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NHS produces fairer primary healthcare system, study finds

28 Jul 2009

England’s ethnic minorities are just as likely to access GP services as their white counterparts and have similarly positive clinical outcomes, a study published this month has found.

The research found no differences for the clinical outcomes of care for patients from ethnic minority backgrounds with high blood pressure, raised cholesterol and - on the whole – diabetes: they were no more likely to have undiagnosed illness, and just as likely to have their condition well-managed. 

The findings are a surprising departure from widely held views that people from ethnic minorities have poorer care in the NHS. 

They also strongly suggest that poorer health of ethnic minority groups in England is not a consequence of limited access to healthcare, but poorer socioeconomic profile. 

However, the report did find inequalities in how patients from ethnic minorities access hospital services and a ‘marked’ difference in accessing dental care. 

It is published in the Journal of Epidemiology and Community Health. 

“While inequalities in the care received may exist for some conditions and other health care settings, particularly internationally, the implication of our research is that ethnic inequalities in healthcare are minimal within NHS primary care. 

“In other words, publicly funded primary care with universal access has resulted in greater equality of access to and outcomes of care across the main ethnic groups,” said Professor Nazroo– who led the study. 

“It’s a vindication of the NHS and the principles that underpin it.” 

One factor that might contribute towards poorer access to secondary care, according to the team, is that white people are far more likely to use private hospital care than patients from ethnic minorities.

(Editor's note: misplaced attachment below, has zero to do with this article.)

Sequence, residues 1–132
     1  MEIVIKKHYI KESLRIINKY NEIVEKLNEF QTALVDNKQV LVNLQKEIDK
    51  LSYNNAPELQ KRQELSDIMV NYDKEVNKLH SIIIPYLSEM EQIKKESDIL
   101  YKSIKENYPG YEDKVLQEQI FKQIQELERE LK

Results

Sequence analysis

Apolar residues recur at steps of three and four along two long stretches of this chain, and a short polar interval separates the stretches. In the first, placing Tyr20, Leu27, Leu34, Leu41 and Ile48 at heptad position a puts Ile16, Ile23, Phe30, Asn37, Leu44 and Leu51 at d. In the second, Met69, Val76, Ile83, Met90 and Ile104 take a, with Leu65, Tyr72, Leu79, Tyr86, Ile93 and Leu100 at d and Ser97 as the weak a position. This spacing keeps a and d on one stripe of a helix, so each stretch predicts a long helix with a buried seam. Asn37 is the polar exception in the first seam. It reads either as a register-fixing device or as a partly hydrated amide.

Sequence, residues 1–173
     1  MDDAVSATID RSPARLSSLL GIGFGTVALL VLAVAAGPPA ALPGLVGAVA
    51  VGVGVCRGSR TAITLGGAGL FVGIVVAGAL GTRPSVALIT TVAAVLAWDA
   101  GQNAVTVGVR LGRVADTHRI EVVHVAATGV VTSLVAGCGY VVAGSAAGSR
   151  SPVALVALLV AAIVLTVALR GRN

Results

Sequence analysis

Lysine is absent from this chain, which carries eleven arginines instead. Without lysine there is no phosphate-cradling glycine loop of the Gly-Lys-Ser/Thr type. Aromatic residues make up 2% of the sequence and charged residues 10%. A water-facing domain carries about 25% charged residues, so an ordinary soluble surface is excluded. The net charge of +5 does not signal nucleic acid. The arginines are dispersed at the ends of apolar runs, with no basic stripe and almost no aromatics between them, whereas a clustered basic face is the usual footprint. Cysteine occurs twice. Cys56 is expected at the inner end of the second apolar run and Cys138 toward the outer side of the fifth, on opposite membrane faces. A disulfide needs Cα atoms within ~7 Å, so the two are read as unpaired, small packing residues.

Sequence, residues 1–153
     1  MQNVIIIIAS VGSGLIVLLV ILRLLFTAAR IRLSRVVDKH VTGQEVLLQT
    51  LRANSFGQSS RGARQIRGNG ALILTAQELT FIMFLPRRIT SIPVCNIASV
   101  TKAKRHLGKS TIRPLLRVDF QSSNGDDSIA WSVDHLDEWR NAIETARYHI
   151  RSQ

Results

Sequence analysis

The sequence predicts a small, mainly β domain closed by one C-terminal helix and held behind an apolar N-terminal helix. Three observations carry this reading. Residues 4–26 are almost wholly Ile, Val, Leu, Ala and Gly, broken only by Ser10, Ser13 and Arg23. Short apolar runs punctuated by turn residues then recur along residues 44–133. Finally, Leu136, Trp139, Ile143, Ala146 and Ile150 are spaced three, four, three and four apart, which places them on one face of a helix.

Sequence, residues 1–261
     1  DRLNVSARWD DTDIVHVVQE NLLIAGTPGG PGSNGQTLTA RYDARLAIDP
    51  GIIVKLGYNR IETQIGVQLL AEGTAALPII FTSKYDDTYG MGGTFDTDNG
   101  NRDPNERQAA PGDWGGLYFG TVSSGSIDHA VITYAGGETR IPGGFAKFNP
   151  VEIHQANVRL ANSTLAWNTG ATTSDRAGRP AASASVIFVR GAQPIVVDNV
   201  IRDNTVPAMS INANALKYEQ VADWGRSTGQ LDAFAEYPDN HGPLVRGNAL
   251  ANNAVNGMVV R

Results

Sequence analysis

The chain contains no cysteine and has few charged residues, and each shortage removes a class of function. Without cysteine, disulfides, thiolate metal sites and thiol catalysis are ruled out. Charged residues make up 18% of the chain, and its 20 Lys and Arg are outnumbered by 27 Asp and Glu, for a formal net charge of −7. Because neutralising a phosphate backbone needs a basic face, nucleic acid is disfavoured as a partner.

And the low use of dental services may reflect the difficulty ethnic minority patients experience in finding an NHS dentist, or paying dental fees. 

The study analysed thousands of respondents to four waves of the Health Survey for England, a representative population survey. 

Professor Nazroo said: “We found no evidence among respondents that ethnic minorities suffer disproportionately poorer care for hypertension and raised cholesterol. 

“In fact in some cases, there were indications that ethnic minority respondents received better care. 

“For diabetes there were also few differences, although there was some evidence of poorer outcomes for the Pakistani and Irish groups.

Notes for editors

Data used are drawn from the 1998, 1999, 2003 and 2004 sweeps of the Health Survey for England (HSE), a representative national survey. 

Method Respondents were asked if: they had visited a GP in the last two weeks; they visited a dentist for regular or occasional check-ups (1999 HSE only); and, in the last twelve months, they attended hospital as an outpatient, day patient, or at A&E, or had been in the hospital as an inpatient (overnight or longer). 

The paper - Ethnic inequalities in access to and outcomes of healthcare: Analysis of the Health Survey for England is published in Journal of Epidemiology and Community Health this week and is available. 

Doi 10.1136/jech.2009.089409 

It is authored by:

  • Professor James Nazroo, University of Manchester
  • Dr Emanuela Falaschetti, Department of Epidemiology and Public Health
  • Dr Mary Pierce, University College London
  • Dr Paola Primatesta, University College London
  • For media enquiries contact:

Mike Addelman
Media Relations Officer
Faculty of Humanities
The University of Manchester
0161 275 0790
07717 881 567
michael.addelman@manchester.ac.uk